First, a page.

Photograph by Channon Simmons
I grew up in a family of women: my mom is one of three daughters, my grandfather passed away when I was two, my mom left my dad when I was three, and my aunts all became single by the time I was five. I always considered myself lucky to be surrounded by people that so intimately understood my experience as a woman and could guide me on that basis. But these same women also came from a culture that conditioned their livelihoods on being “beautiful,” which meant that I was immersed in the same culture without any opposing influence by consequence.
In Colombia, the complex relationship between women and beauty originated from the European colonizers who arrived in the sixteenth century, and whose exaltation of whiteness led to the decimation of entire indigenous populations. In modernity, this relationship was further convoluted by the rise of drug traffickers in the 1970s, whose fascination with big breasts and huge derrieres strongly impressed on young girls seeking financial stability to emulate those attributes. The result was a generation of young women that viewed cosmetic modification as the only avenue into a stable marriage and therefore “a better life.” For as long as I can remember, beautification has been at the core of everything women in my family do. From hair removal to personal trainers, hair coloring, keratin treatments, cellulite removal treatments, liposuctions, breast implants, and more, their efforts are a product of a pernicious history wrought with misogyny and oppression.
Eurocentrism is, arguably, the core of Western social and cultural spheres of life. Social norms are derived from Eurocentric values imported by European colonizers centuries ago, but time hasn’t lessened their stronghold over our post-colonial, Latin American culture. Each day we’re bombarded with images that represent the European ideal — supermodels, actresses and pop stars that are always the same: tall, blonde, thin, white women. Eurocentrism is exactly that – the reinforcement of European physical features as the end-goal for all women everywhere. In the context of physical beauty, we struggle to adhere to Eurocentric standards at any cost, even if that entails sacrificing our sense of identity or our self-esteem.
As a “fairer-skinned” Hispanic woman, adhering to Eurocentric beauty standards comes relatively easily. However, the older I get, the more it feels like beauty standards are yet another way to remind us (people of colour) that our bodies are not part of the norm — that we are the minority (although numerically this isn’t true) and that our beings are incorrect and must be modified in order to be accepted. Looking at the women in my family and the relationships they have with their bodies, I see them floundering in the struggle to meet Eurocentric standards. To me, this is a manifestation of the deepest, most personal form of colonization. It is the colonization of thought and self-perception, to the extent that the way someone conceives of themselves hinges on an ideology produced and implanted by an external, dominant entity.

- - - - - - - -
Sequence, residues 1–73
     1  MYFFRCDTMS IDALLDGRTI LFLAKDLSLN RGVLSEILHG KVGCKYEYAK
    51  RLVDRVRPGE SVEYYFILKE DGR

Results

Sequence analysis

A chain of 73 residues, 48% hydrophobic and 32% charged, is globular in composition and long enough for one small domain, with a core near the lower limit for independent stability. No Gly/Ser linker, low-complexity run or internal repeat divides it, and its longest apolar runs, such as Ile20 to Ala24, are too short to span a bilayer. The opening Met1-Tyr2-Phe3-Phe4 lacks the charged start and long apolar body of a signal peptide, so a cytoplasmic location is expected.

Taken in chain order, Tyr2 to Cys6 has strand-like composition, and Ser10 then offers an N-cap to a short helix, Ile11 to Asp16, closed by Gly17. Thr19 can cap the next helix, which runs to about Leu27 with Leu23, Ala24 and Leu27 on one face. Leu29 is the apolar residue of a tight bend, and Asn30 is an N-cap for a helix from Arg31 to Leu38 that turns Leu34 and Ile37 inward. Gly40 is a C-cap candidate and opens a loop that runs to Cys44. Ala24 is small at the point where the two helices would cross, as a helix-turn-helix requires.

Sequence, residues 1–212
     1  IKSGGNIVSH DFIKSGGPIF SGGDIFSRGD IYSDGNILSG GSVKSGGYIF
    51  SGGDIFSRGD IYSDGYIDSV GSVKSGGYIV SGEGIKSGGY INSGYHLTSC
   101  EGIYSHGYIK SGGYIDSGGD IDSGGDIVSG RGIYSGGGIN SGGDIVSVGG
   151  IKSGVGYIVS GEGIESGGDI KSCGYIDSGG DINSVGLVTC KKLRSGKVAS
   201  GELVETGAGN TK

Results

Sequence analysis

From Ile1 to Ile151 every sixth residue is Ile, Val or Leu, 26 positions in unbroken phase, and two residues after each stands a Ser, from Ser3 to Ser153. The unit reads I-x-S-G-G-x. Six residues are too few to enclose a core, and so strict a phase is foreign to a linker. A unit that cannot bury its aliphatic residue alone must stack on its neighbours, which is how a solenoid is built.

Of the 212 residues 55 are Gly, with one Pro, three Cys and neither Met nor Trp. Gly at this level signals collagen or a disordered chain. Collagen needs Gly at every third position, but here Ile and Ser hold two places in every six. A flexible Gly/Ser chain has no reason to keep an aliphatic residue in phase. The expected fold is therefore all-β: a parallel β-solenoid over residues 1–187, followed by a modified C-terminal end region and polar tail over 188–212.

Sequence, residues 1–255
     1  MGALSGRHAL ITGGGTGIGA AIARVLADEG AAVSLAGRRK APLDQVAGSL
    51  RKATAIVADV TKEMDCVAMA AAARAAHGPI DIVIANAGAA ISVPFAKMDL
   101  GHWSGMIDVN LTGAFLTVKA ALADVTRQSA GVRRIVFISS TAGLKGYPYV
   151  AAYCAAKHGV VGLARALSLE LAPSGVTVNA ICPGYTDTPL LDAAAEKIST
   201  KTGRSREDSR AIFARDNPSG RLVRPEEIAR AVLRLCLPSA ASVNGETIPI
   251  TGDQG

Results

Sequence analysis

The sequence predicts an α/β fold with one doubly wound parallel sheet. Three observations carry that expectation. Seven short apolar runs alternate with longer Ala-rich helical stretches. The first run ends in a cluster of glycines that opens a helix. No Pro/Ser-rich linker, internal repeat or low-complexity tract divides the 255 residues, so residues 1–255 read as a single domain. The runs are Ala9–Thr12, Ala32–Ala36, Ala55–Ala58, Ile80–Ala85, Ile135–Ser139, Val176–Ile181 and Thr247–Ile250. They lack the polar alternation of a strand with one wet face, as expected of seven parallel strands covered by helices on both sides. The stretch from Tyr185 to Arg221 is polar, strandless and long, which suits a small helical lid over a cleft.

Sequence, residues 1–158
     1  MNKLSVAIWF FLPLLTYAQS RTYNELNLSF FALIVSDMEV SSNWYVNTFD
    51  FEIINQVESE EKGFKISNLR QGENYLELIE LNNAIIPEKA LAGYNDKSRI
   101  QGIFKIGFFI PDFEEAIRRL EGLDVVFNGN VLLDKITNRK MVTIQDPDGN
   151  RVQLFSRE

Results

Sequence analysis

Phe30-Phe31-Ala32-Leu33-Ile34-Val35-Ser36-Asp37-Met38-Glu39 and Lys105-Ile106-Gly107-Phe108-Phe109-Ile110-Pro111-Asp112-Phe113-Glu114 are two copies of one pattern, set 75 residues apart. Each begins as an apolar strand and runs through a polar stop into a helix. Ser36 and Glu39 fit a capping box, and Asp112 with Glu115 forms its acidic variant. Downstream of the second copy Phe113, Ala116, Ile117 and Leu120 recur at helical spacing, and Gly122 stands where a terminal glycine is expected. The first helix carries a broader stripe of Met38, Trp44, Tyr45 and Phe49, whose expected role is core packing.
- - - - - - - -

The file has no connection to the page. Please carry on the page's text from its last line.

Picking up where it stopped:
Consequently, the entity of whiteness and Eurocentrism exerts complete and absolute control over every aspect of one’s being, achieving the ultimate goal of normalizing its hegemony, with the implicit assumption that the recipient consents to this hegemony. Possessing characteristics that place you outside the norm frames your entire existence and place in the world. People of color play a crucial role in upholding the white supremacy: our struggle to assimilate is proportional to the ferocity with which we guard these same values of white supremacy. Our internalization of the ideal European standard is pernicious because it is precisely a standard we cannot meet (intended to be such) that lends to a self loathing with no attainable end, an obsession that can manifest even in body modification. To question the validity of these ideals is to recognize the decades of deceit meant to defer the hatred people of colour should feel towards their oppressors to themselves, so that they’re unable to recognize the power structures that truly subjugate them; it would be to recognize that the generations of self harm and hatred were for naught. As such, we grant legitimacy to Eurocentric beauty standards by trying to embody them (as well as we can), superficially relieving white culture of the burden of overtly imposing these standards on us. Instead, we take it upon ourselves to impose these ideals on ourselves and police those around us with fierce rigidity.